At The Richard Dawkins Foundation For Reason and Science you can find a witty and urbane video of TV host and comedian Bill Maher. In the video Maher is primarily arguing that “atheism is not a religion.” Maher contrasts the difference between atheism and religion like this:
When it comes to religion, we’re not two sides of the same coin, and you don’t get to put your unreason upon the same shelf as my reason. Your stuff [religion] has to go over there, on the shelf with Zeus, and Thor, and the crackin’. With the stuff that is not evidence based, stuff that religious people never change their mind about, no matter what happens.
What keeps atheism from being a religion? Because atheism is based on reason, but religion is based on faith and lacks evidence.
There are a number of interesting ways to respond. First, we should recollect that during the French Revolution, they literally turned churches into Temples of Reason. At Notre-Dame cathedral they even held a special ritual for “The Feast of Reason.” It seems that humans have a profound desire to create religion – sometimes even in the name of reason itself!
Second, Maher omits the reality that many Christians believe in their religion on the basis of arguments, evidence and reason. Christianity is a knowledge tradition. It makes testable claims for every field of learning, from history (e.g., the bodily resurrection of Jesus) to science (e.g., predicting a beginning to the universe) to human identity (e.g., we are spiritual beings who can make free choices, engage in loving relationships, and find purpose in life). There is also a long-standing history of Christians providing evidence and arguments that directly establish the reasonableness of their core beliefs (see here and here).
Another key part of Maher’s argument – a staple idea in contemporary atheism – is to lump all religions together as if they are basically the same. Historic, orthodox Christianity is said to be identical to Norse mythology, Roman mythology, Aztec mythology, and so on. Why? Because all of these belief systems are just different ways of being irrational.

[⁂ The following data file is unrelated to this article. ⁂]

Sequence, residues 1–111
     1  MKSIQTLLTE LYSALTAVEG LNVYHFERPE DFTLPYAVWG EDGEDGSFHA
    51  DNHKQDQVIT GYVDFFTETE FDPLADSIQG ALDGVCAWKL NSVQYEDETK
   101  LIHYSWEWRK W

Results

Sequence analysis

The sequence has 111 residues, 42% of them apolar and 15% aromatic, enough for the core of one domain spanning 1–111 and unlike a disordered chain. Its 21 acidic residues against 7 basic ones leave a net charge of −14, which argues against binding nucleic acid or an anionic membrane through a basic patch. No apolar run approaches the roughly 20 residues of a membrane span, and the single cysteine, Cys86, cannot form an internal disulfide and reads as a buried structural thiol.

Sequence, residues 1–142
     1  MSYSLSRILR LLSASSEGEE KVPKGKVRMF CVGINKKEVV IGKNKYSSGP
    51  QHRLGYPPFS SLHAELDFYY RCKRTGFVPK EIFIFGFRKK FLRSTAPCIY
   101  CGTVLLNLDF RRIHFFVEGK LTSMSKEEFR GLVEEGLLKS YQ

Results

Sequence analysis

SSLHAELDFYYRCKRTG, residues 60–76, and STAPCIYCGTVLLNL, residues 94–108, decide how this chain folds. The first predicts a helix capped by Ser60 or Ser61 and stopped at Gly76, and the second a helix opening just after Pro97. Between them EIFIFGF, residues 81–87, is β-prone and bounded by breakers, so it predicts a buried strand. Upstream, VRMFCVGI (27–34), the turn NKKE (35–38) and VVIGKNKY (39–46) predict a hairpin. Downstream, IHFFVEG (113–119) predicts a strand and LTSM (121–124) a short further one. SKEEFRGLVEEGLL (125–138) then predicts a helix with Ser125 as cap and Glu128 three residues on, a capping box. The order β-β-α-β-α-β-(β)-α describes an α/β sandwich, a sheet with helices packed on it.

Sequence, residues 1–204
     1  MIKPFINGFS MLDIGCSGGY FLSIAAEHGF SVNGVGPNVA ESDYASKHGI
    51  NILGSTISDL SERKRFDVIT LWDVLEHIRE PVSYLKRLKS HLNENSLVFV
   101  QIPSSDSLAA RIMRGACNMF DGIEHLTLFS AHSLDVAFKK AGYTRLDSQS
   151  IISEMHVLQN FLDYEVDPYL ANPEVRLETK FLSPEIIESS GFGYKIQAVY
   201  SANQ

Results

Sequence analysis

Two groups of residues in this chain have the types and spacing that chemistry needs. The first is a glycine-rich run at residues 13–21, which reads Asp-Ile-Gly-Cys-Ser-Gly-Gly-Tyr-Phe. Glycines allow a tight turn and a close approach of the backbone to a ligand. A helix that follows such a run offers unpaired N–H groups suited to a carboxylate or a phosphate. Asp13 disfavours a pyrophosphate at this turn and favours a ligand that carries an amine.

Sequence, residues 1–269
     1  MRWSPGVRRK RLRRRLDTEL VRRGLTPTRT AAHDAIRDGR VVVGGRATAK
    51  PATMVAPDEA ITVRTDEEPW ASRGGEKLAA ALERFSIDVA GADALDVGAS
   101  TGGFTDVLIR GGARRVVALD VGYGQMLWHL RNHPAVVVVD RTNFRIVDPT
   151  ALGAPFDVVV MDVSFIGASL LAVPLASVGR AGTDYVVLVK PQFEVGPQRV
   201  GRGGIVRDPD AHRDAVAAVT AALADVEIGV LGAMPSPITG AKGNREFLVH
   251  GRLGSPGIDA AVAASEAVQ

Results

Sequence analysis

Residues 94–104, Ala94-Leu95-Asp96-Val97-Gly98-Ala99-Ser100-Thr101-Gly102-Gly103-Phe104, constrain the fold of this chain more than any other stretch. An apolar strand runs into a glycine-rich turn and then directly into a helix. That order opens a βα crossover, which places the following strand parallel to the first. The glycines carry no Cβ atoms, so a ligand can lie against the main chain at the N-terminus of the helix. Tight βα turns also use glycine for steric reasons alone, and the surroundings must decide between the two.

If it is fair to lump all religions together because they are different ways of being irrational, then it is equally reasonable to lump together all opposition to religion as well. For instance, Stalin promoted atheism in a variety of ways and waged “a terror campaign against religious believers.” Maher is more of a TV personality than a government leader, but that minor difference aside, they are both strongly opposed to religion as a bad thing. So if Jesus and Zeus belong on the same shelf, why not Maher and Stalin?
Well, because obviously that comparison is terribly unfair to Bill Maher, who in spite of his opposition to religion, surely doesn’t believe in rounding up religious leaders and sending them to concentration camps. In the same way, though Christianity and Norse mythology are both religions, Christians have done extensive work to demonstrate that their beliefs are historical, testable and reasonable.
The final thing to examine is Maher’s claim to love reason. As he says, “I’m open to anything for which there’s evidence. Show me a God and I will believe in him.” At first glance, that does sound reasonable. But what does he mean? Well, Maher claims that in order to believe, he’d need Jesus to show up at the Super Bowl and turn the nachos into loaves and fishes.
To see why this doesn’t work, consider it from another point of view. I’m also open to anything for which there’s evidence. Let’s say I pledge to become an atheist only if archaeologists can find what remains of Jesus’ dead body. Maher’s formula looks like this: say you love reason, provide impossible-to-meet criteria for changing your mind, then claim that those who disagree are, by definition, unreasonable. That kind of argument wouldn’t fly if a theist gave it, so it shouldn’t work when an atheist tries it. Reason requires us to adopt more uniform standards for which beliefs can be legitimated as knowledge.
Here’s the other thing: Jesus has outdone Maher’s wildest dreams. After three days of bodily decomposition and intestinal rotting, he came back to life and publicly appeared to dozens of individuals and groups over a period of forty days. (According to some sources, he also multiplied fish and loaves at a large gathering). Did it happen? Well, that’s a matter of debate (see here and here). The important point is that Christians stake the very center of their belief system on a historical claim which can be reasonably investigated and discussed.
Maher is a funny guy. But by the same token, it probably isn’t wise to take his atheism too seriously.
This post was originally published at Reasons for God.